Other suggestions for arranging multiple items on a planar surface have been noted but are not regarded as addressing the same or similar problems as those addressed by the present invention. For example, in U.S. Pat. No. 2,099,845, issued Nov. 23, 1937, a system of stencils and a stencil coordinating spider are proposed for mounting pictures on the pages of an album, and in U.S. Pat. No. 1,544,327, issued Jun. 30, 1925, a stencil is proposed for drawing a plurality of real estate lots on a plot or page. In U.S. Pat. No. 4,132,000, issued Jan. 2, 1979, rifle targets are generated utilizing a clear plastic sheet with graded apertures and locating apertures placed on a target sheet. As the clear plastic sheet is rotated and the locating apertures are turned and reregistered with initial markings on the target sheet, expanding target areas are formed and marked on the target sheet. And in U.S. Pat. No. 4,443,979, issued Apr. 24, 1984, a yard or so long plastic template is suggested for marking fastener positions on the back of a wall hanging and also on a wall at a desirable location. There the same indicia holes which were used to mark the locations for the fastener positions on the back of the wall hanging are used to mark complementary fastener locations on the wall itself
 The present invention approaches the problems of placing a group of wall hangings on a vertical display area of a wall in a very different manner, emphasizing the decorator's visualization of the entire display area in the comfortable environment of a flat horizontal surface which is easily reachable and easily changed or reorganized and yet seen in full perspective. The design thus achieved is readily and exactly transferred to the wall using the template which the decorator created for the entire area.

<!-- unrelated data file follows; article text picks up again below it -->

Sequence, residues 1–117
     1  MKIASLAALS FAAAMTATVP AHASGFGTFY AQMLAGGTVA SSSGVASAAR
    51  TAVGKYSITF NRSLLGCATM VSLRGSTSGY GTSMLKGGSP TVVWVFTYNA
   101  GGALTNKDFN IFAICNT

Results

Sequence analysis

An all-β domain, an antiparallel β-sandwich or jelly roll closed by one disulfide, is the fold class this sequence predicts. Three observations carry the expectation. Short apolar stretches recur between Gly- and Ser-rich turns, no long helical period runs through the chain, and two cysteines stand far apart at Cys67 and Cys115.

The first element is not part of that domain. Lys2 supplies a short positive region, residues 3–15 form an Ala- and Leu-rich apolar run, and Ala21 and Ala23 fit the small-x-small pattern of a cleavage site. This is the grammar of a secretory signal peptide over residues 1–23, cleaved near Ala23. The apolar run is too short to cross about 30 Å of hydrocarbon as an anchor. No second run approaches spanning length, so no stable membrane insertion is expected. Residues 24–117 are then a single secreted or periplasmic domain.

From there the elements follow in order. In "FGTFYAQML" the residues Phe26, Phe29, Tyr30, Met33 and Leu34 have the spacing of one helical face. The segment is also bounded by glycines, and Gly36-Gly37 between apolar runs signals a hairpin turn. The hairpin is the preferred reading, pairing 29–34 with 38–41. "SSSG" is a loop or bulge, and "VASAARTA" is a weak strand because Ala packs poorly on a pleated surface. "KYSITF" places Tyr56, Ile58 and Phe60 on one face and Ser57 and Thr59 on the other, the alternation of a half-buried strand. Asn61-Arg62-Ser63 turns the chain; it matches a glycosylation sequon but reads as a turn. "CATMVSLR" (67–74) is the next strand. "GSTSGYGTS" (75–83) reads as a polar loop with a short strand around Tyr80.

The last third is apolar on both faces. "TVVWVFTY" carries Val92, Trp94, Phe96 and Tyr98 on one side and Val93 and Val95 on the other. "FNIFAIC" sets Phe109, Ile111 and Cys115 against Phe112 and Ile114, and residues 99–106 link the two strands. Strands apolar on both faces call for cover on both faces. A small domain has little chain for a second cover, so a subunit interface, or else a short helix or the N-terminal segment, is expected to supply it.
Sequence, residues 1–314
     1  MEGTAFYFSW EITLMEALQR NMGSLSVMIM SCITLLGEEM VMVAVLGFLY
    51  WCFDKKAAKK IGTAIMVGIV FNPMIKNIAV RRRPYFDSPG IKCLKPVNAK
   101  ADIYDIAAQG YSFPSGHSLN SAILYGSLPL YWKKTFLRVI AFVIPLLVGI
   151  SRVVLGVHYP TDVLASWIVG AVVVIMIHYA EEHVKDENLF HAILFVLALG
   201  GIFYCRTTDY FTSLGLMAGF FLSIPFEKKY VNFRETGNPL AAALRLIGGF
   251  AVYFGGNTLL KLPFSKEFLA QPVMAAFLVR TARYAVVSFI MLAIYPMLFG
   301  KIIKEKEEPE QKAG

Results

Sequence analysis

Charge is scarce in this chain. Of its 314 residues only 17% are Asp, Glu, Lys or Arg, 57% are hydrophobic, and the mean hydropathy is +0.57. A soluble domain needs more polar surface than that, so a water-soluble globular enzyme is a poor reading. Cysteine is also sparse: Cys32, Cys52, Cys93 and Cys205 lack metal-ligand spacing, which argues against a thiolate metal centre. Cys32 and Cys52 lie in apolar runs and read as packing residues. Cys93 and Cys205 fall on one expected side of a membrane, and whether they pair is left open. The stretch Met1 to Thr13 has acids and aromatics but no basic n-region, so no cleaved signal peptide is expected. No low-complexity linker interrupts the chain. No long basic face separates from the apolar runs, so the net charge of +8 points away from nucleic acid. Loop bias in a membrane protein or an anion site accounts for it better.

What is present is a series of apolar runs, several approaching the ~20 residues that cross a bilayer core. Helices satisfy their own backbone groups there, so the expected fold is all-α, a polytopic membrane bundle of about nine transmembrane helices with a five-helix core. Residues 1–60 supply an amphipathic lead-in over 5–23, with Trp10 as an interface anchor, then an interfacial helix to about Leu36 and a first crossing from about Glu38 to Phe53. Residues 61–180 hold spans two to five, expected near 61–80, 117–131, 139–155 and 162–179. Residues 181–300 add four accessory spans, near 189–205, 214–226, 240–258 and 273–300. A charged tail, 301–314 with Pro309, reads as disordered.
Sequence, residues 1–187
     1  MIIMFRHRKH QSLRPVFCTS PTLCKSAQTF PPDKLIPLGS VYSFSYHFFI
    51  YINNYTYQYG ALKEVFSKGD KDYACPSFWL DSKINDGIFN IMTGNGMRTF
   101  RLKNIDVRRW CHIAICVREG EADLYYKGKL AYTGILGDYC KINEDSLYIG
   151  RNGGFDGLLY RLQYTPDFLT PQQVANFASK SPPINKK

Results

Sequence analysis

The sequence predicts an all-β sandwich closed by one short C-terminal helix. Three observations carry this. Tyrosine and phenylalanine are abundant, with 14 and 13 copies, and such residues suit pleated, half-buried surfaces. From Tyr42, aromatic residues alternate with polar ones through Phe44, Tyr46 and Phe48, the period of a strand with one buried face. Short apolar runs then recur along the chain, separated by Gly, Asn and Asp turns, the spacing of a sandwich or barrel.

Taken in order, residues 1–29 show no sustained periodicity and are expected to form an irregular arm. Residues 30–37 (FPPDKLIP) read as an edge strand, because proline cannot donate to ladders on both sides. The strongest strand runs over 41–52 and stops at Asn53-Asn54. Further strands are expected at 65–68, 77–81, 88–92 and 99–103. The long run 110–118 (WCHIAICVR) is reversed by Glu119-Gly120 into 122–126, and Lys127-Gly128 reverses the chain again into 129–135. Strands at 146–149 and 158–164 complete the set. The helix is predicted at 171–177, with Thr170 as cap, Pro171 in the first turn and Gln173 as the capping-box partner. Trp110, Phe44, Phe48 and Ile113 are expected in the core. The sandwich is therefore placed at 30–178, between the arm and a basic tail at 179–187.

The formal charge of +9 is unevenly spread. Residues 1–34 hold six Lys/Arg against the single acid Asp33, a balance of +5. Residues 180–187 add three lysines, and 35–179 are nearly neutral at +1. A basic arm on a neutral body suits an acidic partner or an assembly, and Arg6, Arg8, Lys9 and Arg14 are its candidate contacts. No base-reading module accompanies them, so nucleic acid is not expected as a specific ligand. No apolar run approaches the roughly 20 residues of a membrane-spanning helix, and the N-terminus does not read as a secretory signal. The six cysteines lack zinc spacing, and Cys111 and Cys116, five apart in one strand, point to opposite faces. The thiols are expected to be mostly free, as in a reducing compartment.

The present invention is embodied in a template for transferring an arrangement of at least a pair of wall hangings having fastener means thereon from a horizontally disposed work surface to a vertically disposed display surface on a wall of a room. The template comprises a flexible sheet containing a field portion conformable to the vertically disposed surface, locator indicia on the field portion for recording the longitudinal and latitudinal positions of an outer configuration of each wall hanging, a location for each fastener means associated with each wall hanging, and a location for a hook to engage each fastener means. There is also an inscribable surface on the field portion for accepting a mark recording the location of each wall hanging, fastener means and hook location.